The majority of Weibo users praise the villagers’ determination to educate their children. There are also some netizens who say there must be a lot of pressure on those young villagers who do not pursue an academic degree.

Others jokingly say they are going to buy a house and move to Baisha for the village’s “good Feng Shui.”

– By Yue Xin
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©2017 Whatsonweibo. All rights reserved. Do not reproduce our content without permission – you can contact us at info@whatsonweibo.com.

Yue Xin is a bilingual freelance journalist currently based in the Netherlands with a focus on gender issues and literature in China. As a long-time frequent Weibo user, she is specialized in the buzzwords and hot topics on Chinese social media.

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    商務中心

    March 5, 2018 at 2:03 am

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China Local News

On Wuhan’s ‘Reopening Day’, Even Traffic Jams Are Celebrated

As the COVID-19 lockdown has ended in Wuhan, many people are happy to see the city’s traffic finally getting busy again. “I hated traffic jams before, now it makes me happy to see them.”

Manya Koetse

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It was chilly and grey in Wuhan when the coronavirus epicenter city went into a full lockdown on January 23 of this year. On April 8, 76 days later, it is sunny and twenty degrees warmer outside as people leave their homes to resume work or go for a stroll.

The end of the Wuhan lockdown is a special day for many, as the city finally lifted the 11-week-long ban that shut down all travel to and from the city in a radical effort to curb the spread of COVID-19.

On Wednesday, city residents returned to work as public transport started again. Roads, bridges, and tunnels were reopened, and the local airport resumed flights.

On Chinese social media, various hashtags relating to the Wuhan lockdown end have become popular topics. Using hashtags such as “Wuhan Lifts the Ban” (#武汉解封#), “Wuhan Open Again after 76 Days” (#武汉暂停76天后重启#), and “Wuhan Reopens” (#武汉重启#), the end of the coronavirus ban is a much-discussed news item, along with the spectacular midnight light show that was organized to celebrate the city’s reopening.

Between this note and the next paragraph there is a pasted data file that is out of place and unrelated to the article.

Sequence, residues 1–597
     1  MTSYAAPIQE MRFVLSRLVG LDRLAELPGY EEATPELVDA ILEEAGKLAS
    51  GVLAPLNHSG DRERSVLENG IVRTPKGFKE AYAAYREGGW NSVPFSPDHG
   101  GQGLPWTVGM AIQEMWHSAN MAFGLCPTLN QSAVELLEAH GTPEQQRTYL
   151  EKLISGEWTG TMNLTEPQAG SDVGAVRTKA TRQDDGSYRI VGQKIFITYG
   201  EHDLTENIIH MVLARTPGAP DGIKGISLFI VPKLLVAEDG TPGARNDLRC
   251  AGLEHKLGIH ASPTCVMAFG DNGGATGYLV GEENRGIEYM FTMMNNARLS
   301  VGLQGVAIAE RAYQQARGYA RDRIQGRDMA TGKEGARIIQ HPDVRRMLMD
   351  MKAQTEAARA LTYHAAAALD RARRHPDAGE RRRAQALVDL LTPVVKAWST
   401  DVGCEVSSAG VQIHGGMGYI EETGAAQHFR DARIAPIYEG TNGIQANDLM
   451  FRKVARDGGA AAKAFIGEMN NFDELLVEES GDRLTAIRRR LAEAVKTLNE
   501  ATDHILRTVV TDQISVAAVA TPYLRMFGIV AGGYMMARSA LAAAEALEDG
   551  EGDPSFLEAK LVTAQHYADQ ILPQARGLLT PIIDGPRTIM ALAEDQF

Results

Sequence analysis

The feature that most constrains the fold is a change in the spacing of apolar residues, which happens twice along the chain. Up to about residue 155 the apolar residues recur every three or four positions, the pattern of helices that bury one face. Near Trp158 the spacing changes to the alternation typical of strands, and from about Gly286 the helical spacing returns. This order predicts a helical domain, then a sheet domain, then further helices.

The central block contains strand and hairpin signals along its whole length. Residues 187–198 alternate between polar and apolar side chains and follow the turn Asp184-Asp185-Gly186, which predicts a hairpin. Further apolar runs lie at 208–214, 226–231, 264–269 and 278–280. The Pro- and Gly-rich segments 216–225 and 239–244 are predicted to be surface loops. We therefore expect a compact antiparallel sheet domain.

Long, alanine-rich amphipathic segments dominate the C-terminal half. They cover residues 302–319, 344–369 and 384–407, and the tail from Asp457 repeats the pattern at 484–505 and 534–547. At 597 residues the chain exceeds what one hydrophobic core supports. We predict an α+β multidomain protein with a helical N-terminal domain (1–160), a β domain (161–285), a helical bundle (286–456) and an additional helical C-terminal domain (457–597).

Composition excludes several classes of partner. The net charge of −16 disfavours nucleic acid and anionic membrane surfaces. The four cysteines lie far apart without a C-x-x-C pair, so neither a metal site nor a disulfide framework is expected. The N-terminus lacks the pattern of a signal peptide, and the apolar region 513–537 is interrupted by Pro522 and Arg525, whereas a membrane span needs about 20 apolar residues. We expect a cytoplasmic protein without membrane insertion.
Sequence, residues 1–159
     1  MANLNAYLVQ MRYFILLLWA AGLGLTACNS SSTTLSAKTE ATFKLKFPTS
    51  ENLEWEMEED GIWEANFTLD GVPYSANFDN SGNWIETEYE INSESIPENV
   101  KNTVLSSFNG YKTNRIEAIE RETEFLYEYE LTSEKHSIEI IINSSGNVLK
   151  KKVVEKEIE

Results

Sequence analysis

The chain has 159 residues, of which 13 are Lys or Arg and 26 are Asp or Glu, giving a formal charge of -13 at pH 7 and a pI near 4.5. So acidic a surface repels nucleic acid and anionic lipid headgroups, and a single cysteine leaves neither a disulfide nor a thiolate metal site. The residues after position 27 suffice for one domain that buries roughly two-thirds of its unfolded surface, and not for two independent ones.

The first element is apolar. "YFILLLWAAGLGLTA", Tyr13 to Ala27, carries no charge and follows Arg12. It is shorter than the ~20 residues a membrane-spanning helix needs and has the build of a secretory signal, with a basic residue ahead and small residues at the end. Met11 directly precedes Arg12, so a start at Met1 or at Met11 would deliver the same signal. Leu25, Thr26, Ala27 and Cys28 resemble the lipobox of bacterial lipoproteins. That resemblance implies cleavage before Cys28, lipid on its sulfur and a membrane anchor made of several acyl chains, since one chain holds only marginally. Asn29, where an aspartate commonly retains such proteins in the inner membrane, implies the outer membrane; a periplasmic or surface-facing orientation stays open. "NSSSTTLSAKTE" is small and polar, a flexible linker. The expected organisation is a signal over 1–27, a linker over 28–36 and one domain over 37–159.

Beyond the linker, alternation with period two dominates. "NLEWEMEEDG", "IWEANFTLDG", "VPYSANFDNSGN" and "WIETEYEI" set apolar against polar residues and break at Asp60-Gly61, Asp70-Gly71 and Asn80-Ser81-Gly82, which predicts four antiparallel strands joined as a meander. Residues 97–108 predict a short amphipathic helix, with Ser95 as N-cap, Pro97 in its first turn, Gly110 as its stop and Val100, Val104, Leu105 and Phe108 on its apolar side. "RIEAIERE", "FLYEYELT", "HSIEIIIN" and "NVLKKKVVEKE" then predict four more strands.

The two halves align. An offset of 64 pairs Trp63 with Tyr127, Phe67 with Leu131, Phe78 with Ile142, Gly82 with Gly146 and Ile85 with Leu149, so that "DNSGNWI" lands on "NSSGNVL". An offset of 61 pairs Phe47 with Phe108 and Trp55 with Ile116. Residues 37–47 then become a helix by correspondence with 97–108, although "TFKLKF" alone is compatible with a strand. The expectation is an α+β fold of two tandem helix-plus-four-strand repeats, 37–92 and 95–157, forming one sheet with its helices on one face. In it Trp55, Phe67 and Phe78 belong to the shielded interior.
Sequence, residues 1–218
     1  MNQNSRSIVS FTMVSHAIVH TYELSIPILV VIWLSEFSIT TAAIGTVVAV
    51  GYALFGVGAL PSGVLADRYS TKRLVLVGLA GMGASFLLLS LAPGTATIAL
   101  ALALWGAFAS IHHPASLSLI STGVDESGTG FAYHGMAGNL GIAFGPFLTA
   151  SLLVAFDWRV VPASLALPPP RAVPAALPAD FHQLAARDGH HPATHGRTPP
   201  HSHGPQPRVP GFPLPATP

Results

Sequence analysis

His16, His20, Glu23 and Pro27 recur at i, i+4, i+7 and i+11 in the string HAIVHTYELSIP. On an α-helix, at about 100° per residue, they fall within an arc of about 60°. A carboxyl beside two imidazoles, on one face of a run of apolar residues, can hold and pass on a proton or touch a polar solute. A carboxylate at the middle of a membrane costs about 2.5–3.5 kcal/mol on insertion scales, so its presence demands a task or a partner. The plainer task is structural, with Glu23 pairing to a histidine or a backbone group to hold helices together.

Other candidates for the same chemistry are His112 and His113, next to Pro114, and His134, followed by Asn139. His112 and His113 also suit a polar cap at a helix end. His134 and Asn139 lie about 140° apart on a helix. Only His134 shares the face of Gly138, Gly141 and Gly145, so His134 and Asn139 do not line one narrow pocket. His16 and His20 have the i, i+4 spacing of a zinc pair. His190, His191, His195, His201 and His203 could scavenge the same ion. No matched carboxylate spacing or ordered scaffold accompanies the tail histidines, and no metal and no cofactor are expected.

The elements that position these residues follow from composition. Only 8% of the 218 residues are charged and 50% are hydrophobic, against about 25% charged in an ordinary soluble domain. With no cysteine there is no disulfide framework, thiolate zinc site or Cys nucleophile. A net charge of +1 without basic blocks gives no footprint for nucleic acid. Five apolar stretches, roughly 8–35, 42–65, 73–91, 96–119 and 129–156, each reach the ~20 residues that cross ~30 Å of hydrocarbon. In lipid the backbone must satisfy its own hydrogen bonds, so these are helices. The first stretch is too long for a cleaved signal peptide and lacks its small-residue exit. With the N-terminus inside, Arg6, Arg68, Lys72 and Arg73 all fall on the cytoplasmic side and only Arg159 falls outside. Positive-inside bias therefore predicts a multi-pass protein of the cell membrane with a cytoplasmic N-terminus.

The Wuhan lightshow, image via Xinhua.

“Today has finally arrived! It’s been difficult for the people of Wuhan,” some commenters write.

According to China’s official statistics, that are disputed, over 3330 people have died from the new coronavirus since its outbreak; 80% of these fatal cases were reported in Wuhan. On April 6, authorities claimed that for the first time since the virus outbreak, there were zero new COVID-19 deaths.

Some state media, including People’s Daily, report that the reopening of restaurants and food shops is going smoothly in the city, as people – for the first time since January – are back to buying pan-fried dumplings and noodles from their favorite vendors.

Meanwhile, the fact that the traffic in some Wuhan areas is back to being somewhat congested is something that is widely celebrated on social media.

Some call the mild traffic congestions “great”, viewing it as a sign that the city is coming back to life again after practically turning into a ghost town for all these weeks.

“I hated traffic jams before, now it makes me happy to see them,” one Weibo commenter writes.

“I won’t complain about congested traffic again, because it’s a sign the streets are flourishing,” another Weibo user posted.

While netizens and media outlets are celebrating the end of the lockdown, several Chinese media accounts also remind people on social media that although the ban has been lifted, people still need to be vigilant and refrain from gathering in groups and standing close to each other.

For more COVID-19 related articles, please click here.

By Manya Koetse (@manyapan)
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©2020 Whatsonweibo. All rights reserved. Do not reproduce our content without permission – you can contact us at info@whatsonweibo.com.

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China Local News

Online Anger over “Special Treatment” for Quarantined Foreigners in China

Are foreigners in quarantine being treated better than Chinese nationals? This Nanjing Daily article has triggered controversy.

Bobby Fung

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On March 27, an article titled “For the Good Health of 684 Foreigners” (“为了684个“老外”的安康”) sparked controversy online over the alleged special treatment of foreign nationals during their mandatory 14-day quarantine period.